Wednesday, September 24, 2014

Another Did That

I posted this article a couple years ago under the title "Jurisprudence Trumps Science." The thing that motivated me to look it up and drag it forward was this. We finished the garden tomatoes at supper. Beautiful golden and red slicers, so tomatolicious. Summer time gives me the opportunity on occasion to toss in this little tidbit for the edification of the auditors. And 121 years later, it seems yet that suing the government is a zero-sum activity. The plaintiff is likely to get zero, and the cost to the defendant will likely be zero. The attys win, though.

Jurisprudence Trumps Science

On May 10, 1893, the Supreme Court of the United States upheld a lower court decision and declared the tomato to be a vegetable, not a fruit.

 Notwithstanding testimony to the contrary, and much reading from dictionaries by both parties to the dispute, ultimately Justice Horace Gray wrote the opinion for the court in which he essentially said that notwithstanding that all botanical references did seem to support its status as a fruit, because of its historical place on the dinner-table,  eaten with the main course, not as a dessert, the tomato is a vegetable.   

Some background might shed some light on this astounding turn of events. Under the Tariff Act of 1883, fruit were admitted duty free, whereas vegetables were not. The plaintiff had been paying, under protest, tariff on tomatoes and was therefore suing to recover said payments from the Collector of the Port of New York and to require such collections to cease.

 Does it take a genius to figure out what is about to go down? Merchant vs. Government of the United States, essentially, though that is not the name of the case. What duly appointed and honest justice is going to rule contrary to the interpretation of the government?  If the government says the tomato is a vegetable, the tomato is a vegetable. Case closed.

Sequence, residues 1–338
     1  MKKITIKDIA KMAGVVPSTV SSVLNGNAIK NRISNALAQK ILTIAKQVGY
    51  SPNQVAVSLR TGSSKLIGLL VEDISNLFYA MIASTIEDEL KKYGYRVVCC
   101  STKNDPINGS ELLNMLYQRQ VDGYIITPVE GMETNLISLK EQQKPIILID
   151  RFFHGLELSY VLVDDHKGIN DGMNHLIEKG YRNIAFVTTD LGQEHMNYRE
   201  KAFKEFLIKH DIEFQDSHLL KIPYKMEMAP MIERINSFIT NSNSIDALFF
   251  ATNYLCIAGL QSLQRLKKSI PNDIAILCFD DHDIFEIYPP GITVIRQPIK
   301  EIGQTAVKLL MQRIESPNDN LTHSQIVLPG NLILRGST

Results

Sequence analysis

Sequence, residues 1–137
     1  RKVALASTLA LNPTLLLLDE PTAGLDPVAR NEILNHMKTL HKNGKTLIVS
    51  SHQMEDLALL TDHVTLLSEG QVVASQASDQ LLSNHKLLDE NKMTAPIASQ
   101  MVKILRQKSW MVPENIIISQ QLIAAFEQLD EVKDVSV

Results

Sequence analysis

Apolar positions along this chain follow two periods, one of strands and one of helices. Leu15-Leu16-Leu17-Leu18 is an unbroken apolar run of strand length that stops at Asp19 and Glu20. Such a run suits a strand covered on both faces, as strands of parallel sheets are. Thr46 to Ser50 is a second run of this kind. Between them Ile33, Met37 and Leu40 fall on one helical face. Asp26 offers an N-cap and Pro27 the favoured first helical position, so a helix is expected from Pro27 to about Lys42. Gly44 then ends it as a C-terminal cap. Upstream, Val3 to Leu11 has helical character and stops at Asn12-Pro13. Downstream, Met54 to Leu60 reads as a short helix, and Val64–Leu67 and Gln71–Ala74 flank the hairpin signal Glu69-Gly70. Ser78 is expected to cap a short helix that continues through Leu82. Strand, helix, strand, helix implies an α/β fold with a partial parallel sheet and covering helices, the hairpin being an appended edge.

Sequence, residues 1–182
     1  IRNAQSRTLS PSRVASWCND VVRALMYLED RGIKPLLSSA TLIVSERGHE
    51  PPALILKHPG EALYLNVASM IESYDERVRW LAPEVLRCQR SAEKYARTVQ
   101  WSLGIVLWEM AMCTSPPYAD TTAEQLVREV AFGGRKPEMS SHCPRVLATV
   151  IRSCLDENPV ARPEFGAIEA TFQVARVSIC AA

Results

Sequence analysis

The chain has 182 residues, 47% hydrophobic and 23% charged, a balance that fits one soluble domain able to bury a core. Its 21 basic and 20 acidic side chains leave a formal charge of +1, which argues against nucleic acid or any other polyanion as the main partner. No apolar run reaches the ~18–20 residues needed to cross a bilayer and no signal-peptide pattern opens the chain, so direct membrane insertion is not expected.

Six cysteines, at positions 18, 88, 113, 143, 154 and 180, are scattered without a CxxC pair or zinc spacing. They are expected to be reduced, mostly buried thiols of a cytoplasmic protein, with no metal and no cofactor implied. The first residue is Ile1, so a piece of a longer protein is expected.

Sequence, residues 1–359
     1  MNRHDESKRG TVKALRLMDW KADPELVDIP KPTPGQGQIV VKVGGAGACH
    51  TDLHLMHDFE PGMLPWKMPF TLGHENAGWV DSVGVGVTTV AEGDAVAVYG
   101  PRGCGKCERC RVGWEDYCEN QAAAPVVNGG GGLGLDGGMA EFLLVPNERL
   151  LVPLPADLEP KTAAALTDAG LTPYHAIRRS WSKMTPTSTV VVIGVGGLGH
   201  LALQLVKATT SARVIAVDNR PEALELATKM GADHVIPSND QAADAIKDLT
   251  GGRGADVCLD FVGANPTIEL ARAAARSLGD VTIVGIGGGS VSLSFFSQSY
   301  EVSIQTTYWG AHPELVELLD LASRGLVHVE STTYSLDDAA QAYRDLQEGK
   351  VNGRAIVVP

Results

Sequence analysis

Case is Nix vs. Hedden, 1893.
Image:  The Kitchen Table


Vee said...

When our older daughter was around two-years-old, trips through the countryside often meant arguments inside of our car. She insisted that horses were cows. I, of course, tried to correct and teach. She was, one might say, a little hard-headed.

I'm thinking that, had she been given the powers of the Supreme Court, we would now get steaks from one kind of cow and ride another.

At any rate, Indiana tomatoes have to be the most delicious found anywhere. Even though I have lived for many years where tasteless, rubbery things are marketed in grocery stores as tomatoes, my mouth still waters when I think about the delicious tomatoes our dad grew in his garden.

Grace said...

And condiments, like catsup, can be considered one of the required fruit/vegetable servings in a balanced said the gov't. Who knew tomatoes were so controversial? Google the history of tomatoes - edifying and amusing.

Secondary Roads said...

As one erudite observer noted:
Knowledge says tomato is a fruit
Wisdom says don't include it in fruit salad.

vanilla said...

Vee, and they could be called "corses" or "hows." I like the story.

Grace, I was administrator of a school that operated a cafeteria at the time the catsup-is-a-vegetable-serving pronouncement by the government. Was it not Humpty Dumpty who said, "When I use a word it means just what I choose it to mean"? Gov't = H.D.

Chuck, and the Supreme Court says it is a vegetable.

Sharkbytes said...

If there's money to be had anything can be defined to fit.

vanilla said...

Shark, I suspect that is true. I'll think on it a bit.